Marijuana use for medicinal purposes can be traced to 2737 BC China where it reportedly was used to treat multiple ailments. Its use as a recommended treatment for certain conditions can be found in U.S. medical journals by the late 1700s. The landscape changed, however, and marijuana ultimately became, and remains, a Schedule I drug under the federal Controlled Substances Act. Nevertheless, as of this writing, 29 states have legalized marijuana for medicinal purposes and 9 states and the District of Colombia have legalized marijuana for recreational use. It is predicted that the field will grow to a $50 billion industry by 2026.
The impact of the cannabis industry on real estate markets with legalized recreational use has been extraordinary. Industrial rents are reported to have risen 33% from the first quarter 2014 through May 2017 in Denver, and 27% in Seattle and Portland, compared with a 19% increase in 54 of the other largest U.S. markets. Sales price premiums are reported between 20% - 40%.
Although New Jersey legalized medical marijuana in 2010, only 6 facilities have been licensed to date. Governor Murphy is clear on his intention to legalize recreational marijuana, and the expectation is that New Jersey will rapidly become one of the major cannabis markets in the country.
Legalization will present a number of issues impacting the use, growing, selling and dispensing of marijuana. As marijuana remains illegal under federal law, landlords and tenants will have to properly address lease provisions that are otherwise "boilerplate," including compliance with laws, permitted use, maintenance, common area responsibility, default, termination, abandonment and indemnity. Property managers need to consider a host of issues, including, as an example, tenants' rights to reasonable accommodations, the right to grow and smoke marijuana, and security concerns. Marijuana operations also pose unique insurance issues that stem from the high usage of water, the highly flammable nature of certain processing techniques, and the increased need for security. There also are title insurance issues, as title insurers have indicated they will not close or insure a transaction involving land associated with the marijuana industry.
Tax and other economic issues must also be addressed. Section 280E of the I.R.C. disallows deductions for expenses incurred in the business of producing or selling marijuana. There were a series of Justice Department guidance documents that enabled the industry to exist. On January 4, 2018, however, Attorney General Sessions rescinded these guidance documents but left actual prosecution to individual federal prosecutors' determination, consistent with chapter 9-27.000 of the U.S. Attorneys' Manual. The manual requires federal prosecutors to examine a number of factors in determining whether to bring a prosecution, including federal law enforcement priorities, the seriousness of a crime, the impact of a crime on the community and the deterrent effect of prosecution. The Financial Crimes Enforcement Network (FinCEN) has issued guidance for banks to provide services to the marijuana industry while abiding their obligations under the Bank Secrecy Act. Although tied to the rescinded Justice Department guidance documents, the FinCEN guidance has not been rescinded by the Department of the Treasury - perhaps not unmindful of the tremendous taxes generated at the federal level by the marijuana industry. And recent federal appropriations bills (set to expire at midnight on March 23) have barred the Department of Justice from utilizing appropriated funds to interfere with states implementing their own medical marijuana laws. It will be important to keep abreast of any change in federal prosecutions, whether the Department of the Treasury amends or rescinds its guidance and Congressional appropriations.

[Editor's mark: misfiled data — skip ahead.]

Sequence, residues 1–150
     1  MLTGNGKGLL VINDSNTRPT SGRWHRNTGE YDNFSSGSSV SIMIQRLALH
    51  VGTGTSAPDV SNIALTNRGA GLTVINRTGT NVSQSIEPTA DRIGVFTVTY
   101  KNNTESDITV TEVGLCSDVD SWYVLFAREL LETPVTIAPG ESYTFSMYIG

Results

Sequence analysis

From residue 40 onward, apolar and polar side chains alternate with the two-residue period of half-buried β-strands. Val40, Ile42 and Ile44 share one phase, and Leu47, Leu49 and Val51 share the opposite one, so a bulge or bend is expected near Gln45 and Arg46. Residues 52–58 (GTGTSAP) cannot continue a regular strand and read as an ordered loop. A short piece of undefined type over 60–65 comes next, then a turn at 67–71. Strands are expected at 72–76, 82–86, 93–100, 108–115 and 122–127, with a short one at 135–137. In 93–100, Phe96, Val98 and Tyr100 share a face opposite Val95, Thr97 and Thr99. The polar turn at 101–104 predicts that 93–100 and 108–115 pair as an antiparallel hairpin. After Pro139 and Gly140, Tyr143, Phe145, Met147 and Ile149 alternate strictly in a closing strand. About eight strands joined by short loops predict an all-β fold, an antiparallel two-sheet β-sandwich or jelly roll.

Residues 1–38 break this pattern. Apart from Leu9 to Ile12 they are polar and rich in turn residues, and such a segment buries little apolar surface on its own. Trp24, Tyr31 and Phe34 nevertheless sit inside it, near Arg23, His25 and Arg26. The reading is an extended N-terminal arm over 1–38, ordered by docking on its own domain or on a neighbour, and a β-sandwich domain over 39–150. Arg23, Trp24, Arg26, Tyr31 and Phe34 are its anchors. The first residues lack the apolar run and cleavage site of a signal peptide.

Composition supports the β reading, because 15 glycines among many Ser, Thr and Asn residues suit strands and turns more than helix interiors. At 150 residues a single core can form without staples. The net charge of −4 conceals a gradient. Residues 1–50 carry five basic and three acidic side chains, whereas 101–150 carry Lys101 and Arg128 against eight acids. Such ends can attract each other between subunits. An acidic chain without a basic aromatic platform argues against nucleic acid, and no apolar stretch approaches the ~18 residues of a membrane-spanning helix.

A comprehensive bill presently is pending (S830 - Scutari) to legalize recreational marijuana in New Jersey. State Assemblyman Reed Gusciora also introduced a bill (A1348). Although a host of issues will require resolution before final legislation is enacted and regulations promulgated, there are preparatory measures that should be examined now by those contemplating entry into the field.